Continuous research about purity and migration reveal doubts about chemicals in plastics for packaging and pharma.
Human health and safety is a high focus area for global food producers and medical companies.
Even the smallest concentrations of doubtful substances may be critical.
More knowledge about health impact of chemicals are developed which may lead to new restrictions.
Food contact materials are regulated in EU No. 10/2011. This gives instructions to allowed monomers and additives. It also deals with the topic of Non Intentionally Added Substances
(NIAS) in plastics and states that all substances >10ppb shall be identified and accounted for. During the last 25 years, several cases of questionable chemicals and NIAS have been published as illustrated in the above figure.
Regulation (EU) No. 10/2011 gives a clear definition for NIAS as any impurity in approved substances:
Reaction intermediates formed during the production process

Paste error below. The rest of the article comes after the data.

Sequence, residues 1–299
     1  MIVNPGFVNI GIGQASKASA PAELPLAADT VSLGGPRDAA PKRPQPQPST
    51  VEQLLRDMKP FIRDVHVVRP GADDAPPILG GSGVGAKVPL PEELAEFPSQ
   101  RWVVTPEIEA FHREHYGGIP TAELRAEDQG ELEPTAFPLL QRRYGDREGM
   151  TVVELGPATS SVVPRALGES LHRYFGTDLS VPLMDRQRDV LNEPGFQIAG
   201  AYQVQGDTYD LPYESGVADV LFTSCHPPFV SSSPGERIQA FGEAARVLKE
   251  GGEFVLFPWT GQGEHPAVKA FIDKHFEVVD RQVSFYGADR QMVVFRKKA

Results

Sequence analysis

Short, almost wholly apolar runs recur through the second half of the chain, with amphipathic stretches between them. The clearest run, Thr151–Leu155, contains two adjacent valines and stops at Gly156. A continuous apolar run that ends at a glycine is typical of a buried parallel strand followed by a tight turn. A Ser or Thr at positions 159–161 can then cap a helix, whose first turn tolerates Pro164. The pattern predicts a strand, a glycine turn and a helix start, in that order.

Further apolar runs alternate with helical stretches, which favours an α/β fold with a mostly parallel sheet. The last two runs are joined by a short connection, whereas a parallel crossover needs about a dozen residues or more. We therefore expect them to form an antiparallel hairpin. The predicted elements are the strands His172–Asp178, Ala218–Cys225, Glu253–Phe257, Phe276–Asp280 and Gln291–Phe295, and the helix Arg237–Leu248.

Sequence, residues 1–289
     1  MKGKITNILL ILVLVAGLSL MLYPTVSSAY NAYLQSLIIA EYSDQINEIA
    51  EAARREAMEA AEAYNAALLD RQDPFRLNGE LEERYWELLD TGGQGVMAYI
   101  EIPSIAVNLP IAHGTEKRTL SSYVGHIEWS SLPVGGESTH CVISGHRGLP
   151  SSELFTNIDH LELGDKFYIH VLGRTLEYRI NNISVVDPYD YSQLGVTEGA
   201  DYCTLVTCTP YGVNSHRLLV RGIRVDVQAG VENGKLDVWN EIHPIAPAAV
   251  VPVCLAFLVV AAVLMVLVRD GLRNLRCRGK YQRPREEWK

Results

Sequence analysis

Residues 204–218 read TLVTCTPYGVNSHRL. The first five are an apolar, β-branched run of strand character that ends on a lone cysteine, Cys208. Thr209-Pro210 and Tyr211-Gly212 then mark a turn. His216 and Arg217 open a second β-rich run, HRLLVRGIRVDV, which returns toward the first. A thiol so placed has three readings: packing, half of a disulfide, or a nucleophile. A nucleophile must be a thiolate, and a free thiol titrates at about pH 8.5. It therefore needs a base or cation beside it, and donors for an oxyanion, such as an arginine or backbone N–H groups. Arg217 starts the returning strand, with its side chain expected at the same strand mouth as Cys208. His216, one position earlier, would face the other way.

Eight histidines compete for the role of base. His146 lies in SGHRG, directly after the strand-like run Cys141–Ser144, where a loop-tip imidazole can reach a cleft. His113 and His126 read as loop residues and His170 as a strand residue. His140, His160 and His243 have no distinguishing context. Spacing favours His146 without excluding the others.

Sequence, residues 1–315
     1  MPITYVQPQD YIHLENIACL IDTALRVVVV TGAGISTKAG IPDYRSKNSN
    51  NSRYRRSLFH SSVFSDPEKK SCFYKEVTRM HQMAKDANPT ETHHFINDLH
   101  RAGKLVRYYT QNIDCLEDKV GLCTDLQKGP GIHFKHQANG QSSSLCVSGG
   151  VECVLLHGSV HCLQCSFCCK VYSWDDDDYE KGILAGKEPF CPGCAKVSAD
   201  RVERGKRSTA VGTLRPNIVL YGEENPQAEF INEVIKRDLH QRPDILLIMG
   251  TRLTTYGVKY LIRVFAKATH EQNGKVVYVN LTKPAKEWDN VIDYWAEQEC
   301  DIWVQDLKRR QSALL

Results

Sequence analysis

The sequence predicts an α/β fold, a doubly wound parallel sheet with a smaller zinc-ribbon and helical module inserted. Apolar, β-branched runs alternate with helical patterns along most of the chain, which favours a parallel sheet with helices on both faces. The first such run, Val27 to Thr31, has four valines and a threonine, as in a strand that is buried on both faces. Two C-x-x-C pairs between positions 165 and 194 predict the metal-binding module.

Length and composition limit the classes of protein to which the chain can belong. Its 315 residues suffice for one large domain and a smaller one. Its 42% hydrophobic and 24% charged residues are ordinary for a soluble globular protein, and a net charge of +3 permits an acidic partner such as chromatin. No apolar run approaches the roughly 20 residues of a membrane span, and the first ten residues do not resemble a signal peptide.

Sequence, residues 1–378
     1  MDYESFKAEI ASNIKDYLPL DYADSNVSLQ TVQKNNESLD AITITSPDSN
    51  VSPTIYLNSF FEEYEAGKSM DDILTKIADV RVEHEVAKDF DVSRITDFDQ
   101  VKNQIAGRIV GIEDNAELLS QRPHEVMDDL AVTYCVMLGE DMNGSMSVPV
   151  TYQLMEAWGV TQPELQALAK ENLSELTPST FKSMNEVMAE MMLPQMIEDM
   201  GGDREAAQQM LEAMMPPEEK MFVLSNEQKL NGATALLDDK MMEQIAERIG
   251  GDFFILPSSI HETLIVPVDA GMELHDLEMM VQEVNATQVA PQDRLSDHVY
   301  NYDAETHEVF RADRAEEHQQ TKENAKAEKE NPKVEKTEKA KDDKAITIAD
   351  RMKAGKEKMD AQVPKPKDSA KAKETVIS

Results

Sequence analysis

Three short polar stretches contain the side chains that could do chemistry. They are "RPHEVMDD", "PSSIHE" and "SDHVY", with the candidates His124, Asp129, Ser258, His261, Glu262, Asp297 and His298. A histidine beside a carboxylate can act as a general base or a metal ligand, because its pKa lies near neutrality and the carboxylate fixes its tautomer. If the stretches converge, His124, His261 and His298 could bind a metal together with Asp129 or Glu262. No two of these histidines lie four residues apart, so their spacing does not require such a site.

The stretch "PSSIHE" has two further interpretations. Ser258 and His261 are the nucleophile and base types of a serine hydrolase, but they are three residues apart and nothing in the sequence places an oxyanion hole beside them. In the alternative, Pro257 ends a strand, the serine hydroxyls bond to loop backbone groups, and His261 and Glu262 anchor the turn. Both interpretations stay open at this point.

The production of food contact materials (FCM) can never be free of NIAS. FCM are also often complex, e.g. multilayer, combinations of different materials with the use of adhesives and inks. During our research project, “Chemicals in Packaging”, we have analysed NIAS in a wide range of plastics packaging. In most cases the results are very positive but some need deeper investigations.
Norner has high focus on these matters and provide support to customers and projects like:
Analysis of additives and NIAS in plastics and packaging
Migration testing and analysis
Long term stability studies
Investigation of contaminants
Raw material consistency
Resin change procedures
Advisory by our experts in packaging, plastics, REACH and food or pharma regulations
We also continuously keep track of >500 plastic additives and their status in EU 10/2011, FDA and REACH.
Our liability services cover:
Industry experts in polymers and additives
Understanding the regulations
Quantitative analysis of organic additives by GC or LC
Quantitative analysis of inorganic additives by SEM/EDS